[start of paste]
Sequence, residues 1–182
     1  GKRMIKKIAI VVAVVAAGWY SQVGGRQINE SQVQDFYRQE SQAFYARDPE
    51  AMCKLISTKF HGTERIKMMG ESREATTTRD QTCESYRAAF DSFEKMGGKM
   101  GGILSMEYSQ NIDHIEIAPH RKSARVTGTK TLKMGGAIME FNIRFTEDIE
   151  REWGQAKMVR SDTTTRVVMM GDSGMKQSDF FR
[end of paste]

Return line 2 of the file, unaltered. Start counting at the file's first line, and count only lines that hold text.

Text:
     1  GKRMIKKIAI VVAVVAAGWY SQVGGRQINE SQVQDFYRQE SQAFYARDPE